Court Holds FRCP Imposes No Duty to Meet and Confer Before Filing Motion for Discovery Sanctions
In True Health Chiropractic Inc. v. McKesson Corporation, et al., Case No. 13-cv-02219-HSG (DMR) (N.D. Cal. April 1, 2015), the Northern District of California court considered whether Plaintiffs needed to meet and confer with Defendants before filing a motion for sanctions regarding Defendants’ discovery failures.
In this putative class action case, Plaintiffs alleged Defendants violated the Telephone Consumer Act of 1991 by sending unsolicited facsimile advertisements (i.e., “junk faxes”). Plaintiffs’ discovery requests sought exemplars of each fax, transmission records, and information regarding Defendants’ claim that they received “invitations or permissions” from Plaintiffs to send the faxes. After disagreements on the scope of the production, Plaintiffs filed a motion to compel. The court ordered Defendants to produce the requested discovery. (As a footnote to the order, the court noted that Plaintiffs had offered to have their own e-discovery expert work with Defendants to search for and produce the requested discovery; Defendants ignored and/or denied the offer.)
After the court-imposed deadline, Defendants produced only four exemplar faxes and the transmission records of those faxes (and did not produce any of the alleged “invitations or permissions”). Plaintiffs informed Defendant’s counsel (whom Defendant had retained as new counsel shortly before the document dispute arose) that they intended to file a motion for sanctions due to the inadequate production.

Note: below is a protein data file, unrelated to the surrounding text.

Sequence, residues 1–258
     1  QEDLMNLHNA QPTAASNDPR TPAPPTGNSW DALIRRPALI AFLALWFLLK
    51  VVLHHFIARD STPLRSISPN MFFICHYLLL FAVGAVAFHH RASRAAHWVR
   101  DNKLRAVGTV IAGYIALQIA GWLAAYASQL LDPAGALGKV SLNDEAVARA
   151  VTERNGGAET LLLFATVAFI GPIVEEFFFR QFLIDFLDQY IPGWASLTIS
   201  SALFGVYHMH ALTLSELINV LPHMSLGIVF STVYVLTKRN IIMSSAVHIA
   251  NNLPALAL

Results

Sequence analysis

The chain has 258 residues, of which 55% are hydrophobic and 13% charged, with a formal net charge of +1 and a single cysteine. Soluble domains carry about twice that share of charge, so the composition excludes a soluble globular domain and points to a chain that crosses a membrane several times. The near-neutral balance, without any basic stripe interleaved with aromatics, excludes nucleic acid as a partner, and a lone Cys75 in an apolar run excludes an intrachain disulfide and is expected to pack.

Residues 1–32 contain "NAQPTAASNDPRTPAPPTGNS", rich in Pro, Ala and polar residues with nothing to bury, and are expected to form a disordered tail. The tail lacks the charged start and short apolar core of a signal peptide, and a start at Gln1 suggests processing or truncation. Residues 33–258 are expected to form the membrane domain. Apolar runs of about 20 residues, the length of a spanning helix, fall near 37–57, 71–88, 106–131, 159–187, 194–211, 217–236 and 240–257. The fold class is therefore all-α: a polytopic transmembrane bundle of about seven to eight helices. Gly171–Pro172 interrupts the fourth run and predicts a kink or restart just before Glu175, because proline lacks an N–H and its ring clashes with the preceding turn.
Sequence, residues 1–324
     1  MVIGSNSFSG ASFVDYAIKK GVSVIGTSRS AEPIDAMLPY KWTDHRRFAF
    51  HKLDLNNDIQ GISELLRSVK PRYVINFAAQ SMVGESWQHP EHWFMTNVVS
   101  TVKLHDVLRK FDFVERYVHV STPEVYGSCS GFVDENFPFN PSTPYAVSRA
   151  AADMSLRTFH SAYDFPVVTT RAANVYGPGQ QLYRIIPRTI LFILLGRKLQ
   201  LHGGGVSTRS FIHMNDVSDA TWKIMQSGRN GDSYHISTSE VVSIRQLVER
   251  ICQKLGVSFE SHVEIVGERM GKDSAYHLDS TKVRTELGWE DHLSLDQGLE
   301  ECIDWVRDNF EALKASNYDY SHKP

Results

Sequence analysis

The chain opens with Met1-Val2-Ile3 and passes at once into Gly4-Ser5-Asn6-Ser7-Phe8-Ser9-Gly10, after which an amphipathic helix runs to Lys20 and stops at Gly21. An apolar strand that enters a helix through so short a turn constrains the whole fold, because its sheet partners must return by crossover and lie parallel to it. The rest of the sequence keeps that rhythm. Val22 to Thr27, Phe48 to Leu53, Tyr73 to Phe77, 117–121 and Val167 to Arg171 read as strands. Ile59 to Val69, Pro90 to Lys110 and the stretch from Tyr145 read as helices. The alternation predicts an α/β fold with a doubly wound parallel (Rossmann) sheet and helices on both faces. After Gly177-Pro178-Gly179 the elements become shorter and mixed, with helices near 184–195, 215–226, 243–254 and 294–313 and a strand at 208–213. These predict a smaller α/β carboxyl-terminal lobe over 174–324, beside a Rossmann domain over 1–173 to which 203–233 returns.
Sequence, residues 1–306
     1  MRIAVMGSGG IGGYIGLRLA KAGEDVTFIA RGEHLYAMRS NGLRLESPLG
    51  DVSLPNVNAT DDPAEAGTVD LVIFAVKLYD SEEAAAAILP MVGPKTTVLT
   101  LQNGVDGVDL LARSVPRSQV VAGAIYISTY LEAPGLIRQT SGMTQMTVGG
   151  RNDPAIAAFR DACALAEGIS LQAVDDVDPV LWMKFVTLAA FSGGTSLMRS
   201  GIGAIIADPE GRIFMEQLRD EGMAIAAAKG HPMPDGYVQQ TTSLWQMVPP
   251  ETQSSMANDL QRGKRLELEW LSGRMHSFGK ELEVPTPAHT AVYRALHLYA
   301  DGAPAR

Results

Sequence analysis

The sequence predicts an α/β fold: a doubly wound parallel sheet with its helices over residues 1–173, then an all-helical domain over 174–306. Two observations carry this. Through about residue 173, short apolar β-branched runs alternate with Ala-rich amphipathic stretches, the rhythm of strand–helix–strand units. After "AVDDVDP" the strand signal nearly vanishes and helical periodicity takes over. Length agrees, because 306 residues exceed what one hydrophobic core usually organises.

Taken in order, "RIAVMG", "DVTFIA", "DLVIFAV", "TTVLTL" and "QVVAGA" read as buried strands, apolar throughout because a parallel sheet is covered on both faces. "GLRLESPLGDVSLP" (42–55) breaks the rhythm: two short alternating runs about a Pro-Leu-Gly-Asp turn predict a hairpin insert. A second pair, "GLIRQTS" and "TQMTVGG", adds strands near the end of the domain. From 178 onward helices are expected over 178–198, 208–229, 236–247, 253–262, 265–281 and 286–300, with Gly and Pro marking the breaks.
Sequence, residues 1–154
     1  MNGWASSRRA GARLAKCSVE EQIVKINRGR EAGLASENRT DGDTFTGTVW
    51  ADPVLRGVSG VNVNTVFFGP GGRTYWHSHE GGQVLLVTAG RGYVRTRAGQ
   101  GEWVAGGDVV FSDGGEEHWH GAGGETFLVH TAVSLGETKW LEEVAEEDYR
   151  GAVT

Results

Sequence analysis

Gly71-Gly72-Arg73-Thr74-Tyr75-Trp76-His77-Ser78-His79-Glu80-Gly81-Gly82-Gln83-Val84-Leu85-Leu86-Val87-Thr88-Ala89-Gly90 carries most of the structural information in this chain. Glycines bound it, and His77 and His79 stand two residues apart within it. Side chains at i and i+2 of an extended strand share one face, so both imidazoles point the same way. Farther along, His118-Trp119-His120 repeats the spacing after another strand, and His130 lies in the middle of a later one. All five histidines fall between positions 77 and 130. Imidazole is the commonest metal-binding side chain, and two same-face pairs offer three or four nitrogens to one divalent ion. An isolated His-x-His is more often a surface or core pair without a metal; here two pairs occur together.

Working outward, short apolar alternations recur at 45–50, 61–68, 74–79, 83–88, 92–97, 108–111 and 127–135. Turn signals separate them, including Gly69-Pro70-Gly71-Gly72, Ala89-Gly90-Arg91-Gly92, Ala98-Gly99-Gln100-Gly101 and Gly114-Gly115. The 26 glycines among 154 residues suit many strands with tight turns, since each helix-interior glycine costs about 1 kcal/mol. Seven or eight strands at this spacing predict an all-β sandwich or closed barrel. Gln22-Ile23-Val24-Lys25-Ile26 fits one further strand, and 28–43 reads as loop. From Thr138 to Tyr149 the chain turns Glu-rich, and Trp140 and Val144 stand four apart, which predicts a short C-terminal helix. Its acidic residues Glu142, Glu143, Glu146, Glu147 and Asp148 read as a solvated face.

At the hearing, Defendants argued that the court should dismiss the motion because Plaintiffs had failed to properly meet and confer with new counsel before filing the motion. The court disagreed, noting that FRCP 37-1-(a) imposes an obligation to meet and confer only before filing a motion regarding a discovery dispute, but does not create any such obligation regarding a motion for sanctions due to a discovery failure.
The court concluded that Defendants’ scant production had violated the court’s order. Pursuant to FRCP 37(b)(2)(C), the court ordered Defendants to pay Plaintiffs’ attorneys’ fees and costs and ordered Defendants to fully comply with the court’s discovery order. The court warned that failure to do so would result in additional fines and sanctions.